Voters Retain Iowa Justice Who Backed Gay Marriage

DES MOINES, Iowa (AP) — Iowans voted to retain state Supreme Court Justice David Wiggins on Tuesday, a defeat for conservatives who sought to remove him for joining the landmark decision that legalized gay marriage in 2009.

Liberal groups, gay rights activists and trial lawyers hailed the vote as an affirmation of the Iowa Supreme Court's long history of supporting equal rights and judicial independence. They said the vote reflected changing attitudes in which more people support same-sex marriage and a bigger push by the state's legal establishment, the Iowa State Bar Association, to educate voters about the significance of retaining Wiggins.

"This is a great day for rule of law in Iowa and Iowa voters have wisely rejected politics and intimidation in our court system," said Guy Cook, president-elect of the bar association. "Justice Wiggins is an intelligent, hard-working and fair man. It's good to know that he hasn't been fired for simply doing his job."

With 88 percent of Iowa precincts reporting, more than 54 percent of voters said Wiggins should remain on the bench. Wiggins, 63, needed only a simple majority to win another eight-year term.

The Family Leader, the social conservative group that led the anti-Wiggins campaign, conceded defeat late Tuesday. Spokeswoman Julie Summa noted the race was close and many Iowa residents signaled they remained opposed to the ruling.

"That's quite a few Iowans that believe Justice Wiggins stepped outside his bounds," she said. "This time around, we were competing with the presidential election, all of the other congressional races, there was a lot of noise out there that competed with our message. And the other side was more organized this time than last time around. We knew it would be an uphill battle."

With the victory, Wiggins avoids the fate of three of his colleagues who joined the unanimous ruling and were voted off the bench when they faced voters in 2010. The vote to remove those justices was unprecedented since Iowa adopted a merit-based selection and retention system for judges in 1962. It sparked an outcry among lawyers, who feared judges would be afraid to make unpopular rulings in the future.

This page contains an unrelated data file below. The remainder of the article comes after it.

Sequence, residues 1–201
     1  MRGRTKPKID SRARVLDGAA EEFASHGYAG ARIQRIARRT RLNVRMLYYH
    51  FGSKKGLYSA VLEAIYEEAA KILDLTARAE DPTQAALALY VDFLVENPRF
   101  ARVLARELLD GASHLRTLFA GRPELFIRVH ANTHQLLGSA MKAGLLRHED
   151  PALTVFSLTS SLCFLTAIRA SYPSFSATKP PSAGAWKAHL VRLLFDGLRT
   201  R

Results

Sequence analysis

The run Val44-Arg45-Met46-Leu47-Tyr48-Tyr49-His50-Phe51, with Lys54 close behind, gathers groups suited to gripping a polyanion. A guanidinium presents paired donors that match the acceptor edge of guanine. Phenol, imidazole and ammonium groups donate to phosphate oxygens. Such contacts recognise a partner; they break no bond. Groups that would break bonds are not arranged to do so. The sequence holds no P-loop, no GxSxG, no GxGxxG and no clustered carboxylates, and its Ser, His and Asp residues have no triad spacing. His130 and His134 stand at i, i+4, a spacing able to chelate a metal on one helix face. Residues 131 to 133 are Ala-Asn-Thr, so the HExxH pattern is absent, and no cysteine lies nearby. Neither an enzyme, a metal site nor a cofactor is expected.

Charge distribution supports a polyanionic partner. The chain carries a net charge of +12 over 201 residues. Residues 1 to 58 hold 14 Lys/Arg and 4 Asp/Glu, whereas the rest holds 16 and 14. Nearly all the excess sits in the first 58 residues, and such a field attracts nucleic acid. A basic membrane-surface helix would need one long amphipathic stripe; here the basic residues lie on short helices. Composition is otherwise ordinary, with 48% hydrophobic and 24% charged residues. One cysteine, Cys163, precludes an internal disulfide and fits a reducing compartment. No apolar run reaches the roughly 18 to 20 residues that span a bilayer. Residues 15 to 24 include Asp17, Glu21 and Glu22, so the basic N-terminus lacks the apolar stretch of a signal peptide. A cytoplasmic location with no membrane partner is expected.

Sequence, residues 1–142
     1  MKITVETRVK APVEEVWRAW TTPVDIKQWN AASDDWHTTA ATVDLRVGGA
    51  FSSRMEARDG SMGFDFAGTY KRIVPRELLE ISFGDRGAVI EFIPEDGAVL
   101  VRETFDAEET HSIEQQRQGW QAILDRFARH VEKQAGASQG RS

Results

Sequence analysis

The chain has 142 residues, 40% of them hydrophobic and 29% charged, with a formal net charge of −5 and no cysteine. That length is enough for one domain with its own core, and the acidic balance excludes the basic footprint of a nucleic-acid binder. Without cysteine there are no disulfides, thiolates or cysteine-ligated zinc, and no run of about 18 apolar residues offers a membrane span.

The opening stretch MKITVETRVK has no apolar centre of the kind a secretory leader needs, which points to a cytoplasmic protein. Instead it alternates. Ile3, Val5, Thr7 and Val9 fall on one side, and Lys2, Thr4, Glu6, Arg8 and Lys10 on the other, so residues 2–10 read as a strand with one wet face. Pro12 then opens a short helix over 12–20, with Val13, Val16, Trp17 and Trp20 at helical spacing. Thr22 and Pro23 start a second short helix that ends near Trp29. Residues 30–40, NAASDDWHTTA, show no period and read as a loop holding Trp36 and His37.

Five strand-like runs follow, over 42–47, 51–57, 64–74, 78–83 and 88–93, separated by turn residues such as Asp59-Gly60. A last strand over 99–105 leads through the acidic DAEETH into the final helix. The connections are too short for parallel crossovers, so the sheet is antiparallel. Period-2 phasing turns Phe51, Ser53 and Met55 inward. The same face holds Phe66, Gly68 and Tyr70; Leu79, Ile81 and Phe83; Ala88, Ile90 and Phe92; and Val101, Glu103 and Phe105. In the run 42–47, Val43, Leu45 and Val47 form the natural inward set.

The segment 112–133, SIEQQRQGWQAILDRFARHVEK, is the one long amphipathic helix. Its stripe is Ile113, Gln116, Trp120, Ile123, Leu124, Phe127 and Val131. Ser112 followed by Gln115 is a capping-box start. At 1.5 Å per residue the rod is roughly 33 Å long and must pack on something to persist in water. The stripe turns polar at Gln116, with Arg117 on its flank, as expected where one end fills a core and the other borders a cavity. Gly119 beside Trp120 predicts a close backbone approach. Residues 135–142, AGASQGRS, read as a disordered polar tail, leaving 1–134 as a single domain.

Social conservative groups spent hundreds of thousands of dollars on television ads, a statewide bus tour, and fliers attacking Wiggins for what they called making law from the bench. They also led the successful effort in 2010, which faced little pushback from supporters of the ruling.

But this time, voter attitudes were markedly different. Several interviewed across the state, including many Republicans, said they supported gay marriage and voted to retain Wiggins as a result.

"I think that man is an awesome judge," said 34-year-old Sylvia Fanelli, a Republican from West Des Moines. "He did the right thing voting for marriage equality in this country."

Marty Bunge, 54, a studio photographer from Williamsburg, said he voted for Wiggins and cited a major argument stressed by the justice's supporters. "I don't think politics has any place in the judicial system and I think the recall attempt was nothing but politics," said Bunge, a Republican.

But Logan Potter, 18, a Drake University student, said he voted against Wiggins because the court's decision was an overreach that was made without enough public input.

Wiggins joined six colleagues in unanimously declaring that a state law banning gay marriage violated the equal-protection clause of Iowa's constitution, making Iowa the first Midwestern state to legalize gay marriage. More than 4,500 gay couples have since wed in the state.

The backlash from conservatives was fierce. Conservatives spent hundreds of thousands of dollars attacking Chief Justice Marsha Ternus and Justices David Baker and Michael Streit in 2010, and about 55 percent of Iowa voters agreed to remove them from office.

This time, they also attacked Wiggins as an underperforming justice. They noted he received a satisfactory but relatively poor performance review from attorneys who responded to a Bar Association survey, which found 63 percent believed he should be retained, the second lowest rating of more than 70 judges on the ballot.

Wiggins was appointed in 2003 by Democratic Gov. Tom Vilsack. He honored Iowa's long tradition in which justices do not raise money or actively campaign but appeared at schools, in churches and civic groups to talk about the court's history of supporting equal rights dating back to rulings against slavery and segregation and for women's rights in the 1800s — decades before the country reached consensus on those positions.

State Supreme Court justices must stand for retention the first year after they are appointed and then every eight years. They must receive a simple majority vote to stay in office.

Three other justices appointed by Republican Gov. Terry Branstad last year to replace those ousted in 2010 easily won retention.
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